Oxford Schools Whistleblowers: District Failed to Implement Threat Assessment Policy

Two ex-school board members claim the district didn’t use its own threat assessment guidelines in the months leading up to last year’s Oxford High School shooting.

Oxford Schools Whistleblowers: District Failed to Implement Threat Assessment Policy


OXFORD, Mich. — Two former school board members claim Oxford Community Schools did not implement its threat assessment policy which they say could have prevented last year’s mass shooting.

During a news conference Monday, just two days shy of one year since the shooting, the whistleblowers said the district’s claim that it did everything it could have to try and stop the shooting is not true, ABC reports.

“This board had been told over and over that the school had all the policies in place and that our team did everything right but a bad thing still happened,” said former school board treasurer Korey Bailey.

Bailey also said a report completed by Secure Education Consultants “praised our team” for developing and executing comprehensive security protocols. However, he adds, the report “was not based on a complete investigation — it only focused on if we had the policies. It never touched on if we ever implemented or trained people to carry out these policies.”

Former school board president Tom Donnelly said Bailey began looking over the district’s threat assessment policies and guidelines in August and discovered a reference to a Homeland Security protocol referred to as 8400. Donnelly said it was that document that “changed everything from my perspective.”

The protocol is to address a threat preemptively by ensuring counselors, resource officers, and other staff members collect “markers” such as changes in grades or students showing violent tendencies. The document “clearly states that the threshold for pulling a team together [to investigate] should be low,” Donnelly said. “It’s the team’s job to decide whether you have a low or a medium or a high-risk factor.”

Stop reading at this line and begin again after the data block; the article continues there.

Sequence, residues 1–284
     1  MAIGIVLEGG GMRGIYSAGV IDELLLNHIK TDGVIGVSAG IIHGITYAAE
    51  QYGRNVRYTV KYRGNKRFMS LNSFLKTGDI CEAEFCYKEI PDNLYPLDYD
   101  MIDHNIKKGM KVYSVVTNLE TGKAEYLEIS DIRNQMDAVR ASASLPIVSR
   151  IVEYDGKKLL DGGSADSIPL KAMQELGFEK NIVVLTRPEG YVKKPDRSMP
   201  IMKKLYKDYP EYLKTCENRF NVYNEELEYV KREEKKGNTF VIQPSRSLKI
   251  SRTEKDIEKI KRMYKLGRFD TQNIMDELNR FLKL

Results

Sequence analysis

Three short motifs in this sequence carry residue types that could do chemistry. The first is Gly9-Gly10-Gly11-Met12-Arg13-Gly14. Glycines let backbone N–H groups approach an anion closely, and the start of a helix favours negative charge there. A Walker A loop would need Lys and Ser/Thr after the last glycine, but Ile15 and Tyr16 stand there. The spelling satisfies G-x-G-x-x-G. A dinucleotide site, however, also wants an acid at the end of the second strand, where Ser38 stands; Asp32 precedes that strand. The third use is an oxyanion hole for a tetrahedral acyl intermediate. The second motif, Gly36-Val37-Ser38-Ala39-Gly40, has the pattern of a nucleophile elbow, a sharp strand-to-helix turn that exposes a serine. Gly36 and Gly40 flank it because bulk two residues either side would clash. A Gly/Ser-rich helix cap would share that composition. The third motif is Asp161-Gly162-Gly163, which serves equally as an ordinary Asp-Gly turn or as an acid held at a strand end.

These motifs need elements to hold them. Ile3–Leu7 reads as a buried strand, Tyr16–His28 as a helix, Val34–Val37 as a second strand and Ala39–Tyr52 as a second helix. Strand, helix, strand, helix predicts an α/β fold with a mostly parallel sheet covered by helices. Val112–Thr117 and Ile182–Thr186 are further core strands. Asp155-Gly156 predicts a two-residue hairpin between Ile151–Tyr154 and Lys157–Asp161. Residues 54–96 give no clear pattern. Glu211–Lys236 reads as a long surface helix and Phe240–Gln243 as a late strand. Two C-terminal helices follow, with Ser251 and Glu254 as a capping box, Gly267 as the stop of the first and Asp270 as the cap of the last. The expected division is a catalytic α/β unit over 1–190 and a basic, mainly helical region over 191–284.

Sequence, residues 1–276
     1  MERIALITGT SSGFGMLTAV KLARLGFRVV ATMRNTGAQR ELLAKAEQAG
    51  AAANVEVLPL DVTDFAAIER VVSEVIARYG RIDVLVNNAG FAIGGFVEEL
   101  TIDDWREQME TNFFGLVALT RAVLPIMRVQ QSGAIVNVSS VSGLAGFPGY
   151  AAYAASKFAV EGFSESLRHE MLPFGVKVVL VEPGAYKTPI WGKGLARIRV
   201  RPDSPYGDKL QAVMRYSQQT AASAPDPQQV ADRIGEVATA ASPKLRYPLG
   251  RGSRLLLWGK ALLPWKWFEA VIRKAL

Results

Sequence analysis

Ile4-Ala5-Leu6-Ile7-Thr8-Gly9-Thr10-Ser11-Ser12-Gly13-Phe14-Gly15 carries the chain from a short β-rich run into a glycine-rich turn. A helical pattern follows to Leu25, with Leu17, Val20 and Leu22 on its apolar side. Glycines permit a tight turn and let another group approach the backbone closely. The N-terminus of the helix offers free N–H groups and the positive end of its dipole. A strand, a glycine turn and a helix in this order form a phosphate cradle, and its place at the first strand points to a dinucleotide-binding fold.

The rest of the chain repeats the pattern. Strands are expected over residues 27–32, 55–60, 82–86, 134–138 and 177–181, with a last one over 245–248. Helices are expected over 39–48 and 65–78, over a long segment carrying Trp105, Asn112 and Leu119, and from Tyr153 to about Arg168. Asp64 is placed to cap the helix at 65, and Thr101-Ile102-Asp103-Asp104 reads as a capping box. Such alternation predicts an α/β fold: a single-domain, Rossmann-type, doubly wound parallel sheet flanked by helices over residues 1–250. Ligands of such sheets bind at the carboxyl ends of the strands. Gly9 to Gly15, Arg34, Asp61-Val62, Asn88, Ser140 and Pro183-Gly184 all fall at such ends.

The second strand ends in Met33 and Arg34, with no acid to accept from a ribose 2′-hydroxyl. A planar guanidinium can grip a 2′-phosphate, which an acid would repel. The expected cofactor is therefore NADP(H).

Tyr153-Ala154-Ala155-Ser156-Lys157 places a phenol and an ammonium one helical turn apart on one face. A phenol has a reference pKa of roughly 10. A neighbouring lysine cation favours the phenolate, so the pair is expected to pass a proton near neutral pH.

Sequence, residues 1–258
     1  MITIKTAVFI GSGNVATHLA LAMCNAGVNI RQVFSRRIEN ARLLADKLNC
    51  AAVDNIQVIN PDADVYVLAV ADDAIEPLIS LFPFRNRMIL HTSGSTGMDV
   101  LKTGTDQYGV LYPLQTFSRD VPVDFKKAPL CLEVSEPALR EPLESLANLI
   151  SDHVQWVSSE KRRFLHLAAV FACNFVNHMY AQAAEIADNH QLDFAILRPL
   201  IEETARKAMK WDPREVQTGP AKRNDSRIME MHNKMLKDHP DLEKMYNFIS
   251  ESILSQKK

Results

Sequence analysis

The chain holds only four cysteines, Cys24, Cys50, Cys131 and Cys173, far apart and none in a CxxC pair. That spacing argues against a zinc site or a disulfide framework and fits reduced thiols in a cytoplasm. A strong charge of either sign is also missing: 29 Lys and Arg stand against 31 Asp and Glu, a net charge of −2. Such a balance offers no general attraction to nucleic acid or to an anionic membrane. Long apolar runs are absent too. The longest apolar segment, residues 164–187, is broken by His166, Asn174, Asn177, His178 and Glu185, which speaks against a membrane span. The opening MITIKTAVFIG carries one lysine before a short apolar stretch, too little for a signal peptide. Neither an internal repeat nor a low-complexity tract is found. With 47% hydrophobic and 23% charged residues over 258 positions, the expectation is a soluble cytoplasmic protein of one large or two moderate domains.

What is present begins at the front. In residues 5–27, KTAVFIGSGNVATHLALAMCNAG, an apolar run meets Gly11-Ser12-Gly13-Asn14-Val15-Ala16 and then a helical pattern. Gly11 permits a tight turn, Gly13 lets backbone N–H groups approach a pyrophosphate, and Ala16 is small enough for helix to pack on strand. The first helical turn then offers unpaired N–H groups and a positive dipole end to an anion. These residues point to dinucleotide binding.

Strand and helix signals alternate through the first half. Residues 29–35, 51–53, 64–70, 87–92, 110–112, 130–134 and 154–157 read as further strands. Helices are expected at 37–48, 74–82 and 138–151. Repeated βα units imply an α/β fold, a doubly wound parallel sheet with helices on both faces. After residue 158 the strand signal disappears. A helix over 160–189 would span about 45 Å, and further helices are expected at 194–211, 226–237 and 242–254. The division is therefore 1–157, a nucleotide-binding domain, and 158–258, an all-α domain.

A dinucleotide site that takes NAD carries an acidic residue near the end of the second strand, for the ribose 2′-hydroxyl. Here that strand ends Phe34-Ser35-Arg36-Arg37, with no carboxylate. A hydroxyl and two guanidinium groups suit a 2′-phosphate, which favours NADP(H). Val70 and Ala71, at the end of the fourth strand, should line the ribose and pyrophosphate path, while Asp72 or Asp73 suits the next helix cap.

“The district certainly didn’t use [the playbook] as designed in the months leading up to the shooting,” Donnelly alleged. “There’s no evidence that we’ve ever used it as designed — even though, since 2011, the policies and guidelines have been in our system.”

Bailey claimed no schools in the district have put the protocol into practice and that people responsible for safety have voiced concerns over the lack of training. He said those concerns were ignored. Donnelly said district counsel disagreed with his and Bailey’s assessment and that he “couldn’t in good conscience stay on the board.” The pair resigned in September.

“Our options became clear that we could either … go along and stay silent, or we could move along and be a voice for change,” Bailey said. “Remaining silent was not being honest or transparent.”

A day before the shooting, a teacher saw the 15-year-old shooter researching ammunition on his phone. Prosecutors say the school then contacted the student’s parents but they didn’t respond. His mother later said to him in a text message: “Lol. I’m not mad at you. You have to learn not to get caught.” Under the school’s policy, Bailey and Donnelly said the student should have been sent home.

The following day, a teacher discovered a drawing with a gun and the words, “The thoughts won’t stop. Help me.” There was also an image of a bullet with the words, “Blood everywhere.” The boy’s parents were called into the school to discuss the disturbing drawing but declined to take him home. He was not removed from the school and his parents were told to get him counseling within 48 hours.

The gunman opened fire soon after his parents left the school. Killed in the rampage were 17-year-old Madisyn Baldwin, 16-year-old Tate Myre, 14-year-old Hana St. Juliana, and 17-year-old Justin Shilling. Six others were injured. The shooter pleaded guilty to all counts last month and faces up to life in prison with no possibility of parole.

“I pray that every parent in Michigan is watching this today and will go back to their school boards and demand that their schools dust off policy 8400,” Bailey urged.

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About the Author


Amy is Campus Safety’s Executive Editor. Prior to joining the editorial team in 2017, she worked in both events and digital marketing.

Amy has many close relatives and friends who are teachers, motivating her to learn and share as much as she can about campus security. She has a minor in education and has worked with children in several capacities, further deepening her passion for keeping students safe.

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